Conan the Destroyer (1984)


I Suppose Nothing Hurts You.  Only Pain.

The inevitable continuation of reviewing Conan the Barbarian is Conan the Destroyer.  When I went into Conan 1, I was well aware of what I was getting myself into.  I had watched the movie again not long before I started reviewing movies, so my memory of it was pretty clear.  Going into Conan 2, I wasn’t even sure that I had ever seen it before, even though I owned it as part of a two pack with the first movie.  But, as it was part of Chris’ request, I sat down to see if I had ever seen the sequel.  And that is today’s review.  Conan the Destroyer was based on characters created by Robert E. Howard, written by Roy Thomas and Gerry Conway, directed by Richard Fleischer, and starring Arnold Schwarzenegger, Olivia d’Abo, Sarah Douglas, Wilt Chamberlain, Tracey Walter, Mako, Grace Jones, Pat Roach, Jeff Corey, and Andre “The Giant” Roussimouff.

Conan the Cimmerian (Arnold Schwarzenegger), and his travelling companion Malak the thief (Tracey Walter), are praying at an altar when they are attacked by the guards of Queen Taramis (Sarah Douglas).  After they pass the test of their guards, the Queen offers a quest to Conan.  If he accomplishes the task of escorting her niece, Jehnna (Olivia d’Abo), and the Queen’s guard, Bombaata (Wilt Chamberlain), to retrieve a magical horn that only Jehnna can touch, Conan will be rewarded by having his love, Valeria, brought back to life.  But, before they leave, the Queen privately instructs Bombaata to kill Conan once the horn has been retrieved so that he won’t be around to stop them from sacrificing Jehnna to awaken the dreaming god Dagoth.  Also, he’s going to have to keep an eye on her because she needs to remain a virgin and Conan would most likely knock the bottom out on that girl.  The group sets off, making a pit stop to save the life of a crazy Amazonian chick named Zula (Grace Jones), who then joins them on their quest.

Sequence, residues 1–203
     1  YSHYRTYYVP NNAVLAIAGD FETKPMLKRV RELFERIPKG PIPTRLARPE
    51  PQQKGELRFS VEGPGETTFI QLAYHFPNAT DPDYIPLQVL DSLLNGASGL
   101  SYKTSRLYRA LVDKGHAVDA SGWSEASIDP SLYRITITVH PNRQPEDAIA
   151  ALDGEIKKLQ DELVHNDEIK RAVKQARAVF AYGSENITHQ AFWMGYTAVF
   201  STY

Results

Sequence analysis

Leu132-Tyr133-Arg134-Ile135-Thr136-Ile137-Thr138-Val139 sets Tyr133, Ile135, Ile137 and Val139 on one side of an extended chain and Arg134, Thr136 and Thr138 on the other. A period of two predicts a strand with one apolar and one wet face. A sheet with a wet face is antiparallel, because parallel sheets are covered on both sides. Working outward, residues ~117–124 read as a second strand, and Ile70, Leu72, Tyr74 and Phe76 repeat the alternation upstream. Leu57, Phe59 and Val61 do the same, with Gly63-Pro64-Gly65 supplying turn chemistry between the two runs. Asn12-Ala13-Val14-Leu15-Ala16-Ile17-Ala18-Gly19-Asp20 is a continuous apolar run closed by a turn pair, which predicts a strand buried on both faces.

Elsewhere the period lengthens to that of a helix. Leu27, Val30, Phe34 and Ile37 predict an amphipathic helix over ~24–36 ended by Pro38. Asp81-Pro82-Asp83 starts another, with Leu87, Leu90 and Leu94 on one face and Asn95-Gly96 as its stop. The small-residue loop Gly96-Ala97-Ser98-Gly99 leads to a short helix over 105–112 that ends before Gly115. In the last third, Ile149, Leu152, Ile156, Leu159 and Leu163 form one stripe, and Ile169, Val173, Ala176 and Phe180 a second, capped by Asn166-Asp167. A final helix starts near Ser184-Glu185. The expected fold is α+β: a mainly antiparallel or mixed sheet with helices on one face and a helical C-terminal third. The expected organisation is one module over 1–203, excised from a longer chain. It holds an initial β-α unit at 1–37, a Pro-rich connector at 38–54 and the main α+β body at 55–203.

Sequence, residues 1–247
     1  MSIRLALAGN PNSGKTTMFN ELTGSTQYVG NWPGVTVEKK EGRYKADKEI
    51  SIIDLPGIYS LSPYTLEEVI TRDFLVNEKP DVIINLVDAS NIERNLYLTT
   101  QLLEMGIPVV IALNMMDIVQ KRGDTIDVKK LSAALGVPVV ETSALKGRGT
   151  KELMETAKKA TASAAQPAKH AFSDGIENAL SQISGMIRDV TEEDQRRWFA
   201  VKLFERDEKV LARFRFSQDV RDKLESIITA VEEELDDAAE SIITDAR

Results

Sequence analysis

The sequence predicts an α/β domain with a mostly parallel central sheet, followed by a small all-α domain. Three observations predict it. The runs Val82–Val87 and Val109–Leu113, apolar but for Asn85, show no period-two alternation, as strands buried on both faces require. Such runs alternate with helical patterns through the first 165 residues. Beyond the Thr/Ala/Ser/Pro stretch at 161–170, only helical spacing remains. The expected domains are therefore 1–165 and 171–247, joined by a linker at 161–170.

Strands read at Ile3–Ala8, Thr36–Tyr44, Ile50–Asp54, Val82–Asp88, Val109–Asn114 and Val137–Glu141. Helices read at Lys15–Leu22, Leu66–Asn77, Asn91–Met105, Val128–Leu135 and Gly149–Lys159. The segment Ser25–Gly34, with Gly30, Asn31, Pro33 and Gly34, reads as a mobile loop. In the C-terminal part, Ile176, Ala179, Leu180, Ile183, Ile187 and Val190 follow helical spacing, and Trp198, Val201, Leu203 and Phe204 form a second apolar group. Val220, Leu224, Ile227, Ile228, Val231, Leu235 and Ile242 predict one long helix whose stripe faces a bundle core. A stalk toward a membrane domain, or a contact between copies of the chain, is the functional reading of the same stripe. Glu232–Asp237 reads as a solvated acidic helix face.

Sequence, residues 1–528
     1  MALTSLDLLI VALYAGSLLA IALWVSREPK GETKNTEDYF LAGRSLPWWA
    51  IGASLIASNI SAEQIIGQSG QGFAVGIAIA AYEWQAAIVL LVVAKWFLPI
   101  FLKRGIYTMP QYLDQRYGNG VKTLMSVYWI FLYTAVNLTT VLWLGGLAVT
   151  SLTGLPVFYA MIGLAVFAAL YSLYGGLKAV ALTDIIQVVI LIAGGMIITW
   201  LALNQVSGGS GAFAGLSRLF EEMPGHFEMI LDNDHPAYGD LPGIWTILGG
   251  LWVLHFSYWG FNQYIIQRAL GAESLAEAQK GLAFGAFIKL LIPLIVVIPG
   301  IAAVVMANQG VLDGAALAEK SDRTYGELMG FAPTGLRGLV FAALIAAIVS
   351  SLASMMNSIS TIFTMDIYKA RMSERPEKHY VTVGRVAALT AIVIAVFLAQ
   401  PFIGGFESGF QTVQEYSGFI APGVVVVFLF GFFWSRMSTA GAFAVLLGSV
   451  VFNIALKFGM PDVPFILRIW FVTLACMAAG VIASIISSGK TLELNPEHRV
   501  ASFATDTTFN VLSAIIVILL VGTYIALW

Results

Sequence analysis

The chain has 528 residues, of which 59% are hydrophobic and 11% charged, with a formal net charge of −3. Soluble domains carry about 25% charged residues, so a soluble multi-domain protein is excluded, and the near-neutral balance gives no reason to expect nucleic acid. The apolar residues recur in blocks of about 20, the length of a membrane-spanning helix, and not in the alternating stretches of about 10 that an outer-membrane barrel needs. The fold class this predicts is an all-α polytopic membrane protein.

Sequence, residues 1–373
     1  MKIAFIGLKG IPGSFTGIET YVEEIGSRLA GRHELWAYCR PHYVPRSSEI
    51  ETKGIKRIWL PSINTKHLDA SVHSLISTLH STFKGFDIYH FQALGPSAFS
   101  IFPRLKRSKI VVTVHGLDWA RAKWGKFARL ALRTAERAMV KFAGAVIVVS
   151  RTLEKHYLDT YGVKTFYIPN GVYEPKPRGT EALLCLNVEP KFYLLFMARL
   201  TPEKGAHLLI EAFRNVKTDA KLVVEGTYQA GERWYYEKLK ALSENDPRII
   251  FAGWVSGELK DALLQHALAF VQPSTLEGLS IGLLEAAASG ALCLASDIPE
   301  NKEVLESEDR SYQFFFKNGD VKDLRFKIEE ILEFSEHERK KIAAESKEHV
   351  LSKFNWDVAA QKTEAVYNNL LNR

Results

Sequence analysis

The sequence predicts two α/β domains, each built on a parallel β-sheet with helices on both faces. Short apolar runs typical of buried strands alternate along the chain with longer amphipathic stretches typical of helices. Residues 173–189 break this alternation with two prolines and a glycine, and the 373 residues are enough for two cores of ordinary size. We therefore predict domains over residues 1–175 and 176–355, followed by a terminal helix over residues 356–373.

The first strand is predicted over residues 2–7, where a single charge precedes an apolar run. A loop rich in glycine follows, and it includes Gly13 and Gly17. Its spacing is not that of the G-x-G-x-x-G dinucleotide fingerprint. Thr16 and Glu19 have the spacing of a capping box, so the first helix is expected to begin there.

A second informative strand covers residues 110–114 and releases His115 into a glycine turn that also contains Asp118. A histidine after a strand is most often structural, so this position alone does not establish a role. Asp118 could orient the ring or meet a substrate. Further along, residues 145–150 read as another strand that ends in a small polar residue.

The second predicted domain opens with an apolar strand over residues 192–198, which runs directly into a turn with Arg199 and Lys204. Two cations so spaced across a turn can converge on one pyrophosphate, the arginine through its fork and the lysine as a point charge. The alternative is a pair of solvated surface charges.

This movie’s really not a whole lot better than its predecessor.  It’s a different story, and a fine one, but it’s not the greatest thing ever.  Much as with the first movie, it never really feels like the writers were able to keep focused.  They have the one driving plot of the princess getting the horn, the side plot about the secret sacrifice, and then a couple of other things that seemed like distractions.  Finding Zula was a scene that took about 15 minutes longer than it should have taken given its relative lack of importance to the main plot.  The part with Conan getting drunk and chatting with the princess didn’t need to happen, as did the part with the princess trying to learn how to fight.  But it wasn’t nearly as distracted as the first movie seemed to be.  I did wonder about the whole part with Jehnna’s virginity.  They made a big deal about how she needed to return a virgin or the sacrifice couldn’t happen.  So big a deal was made about her virginity that I was sure there would be a part where Conan breaks her off a piece and that is what causes the ceremony to go wrong, but they never went for that.  There was never even a moment where there was a chance that Conan would hit it.  I don’t know why, as she was perfectly fuckable and seemed to dig on him.  I guess credit could be given for them not being too predictable.  Speaking of predictions, why did they have to tap the wizard Akiro to find out where the princess had disappeared to when she was taken by the wizard Thoth-Amon?  There was literally one place in 100 miles and they were looking right at it, but they still had to ask him and have him do the silly thing with his fingers he always did to say, “Oh!  She’s in that big castle we’re all looking at.  I guess that makes sense.”  I get the feeling that the actors in the movie used the time between the movies to practice with their swords because the action scenes had improved.  They seemed like someone actually choreographed them this time.  The settings in the movie were also very nice.  I liked the inside of Thoth-Amon’s tower a lot, and the room full of mirrors where Conan fights the invulnerable creature with the red hood.  It was really reminiscent to the room of mirrors scene from Enter the Dragon.  The creature he fought there wasn’t particularly well done, being fairly obviously a guy with a mask on.  In contrast, the creature at the end of the movie was pretty good looking and came off as pretty intimidating even though its mouth and neck looked like a loose vagina.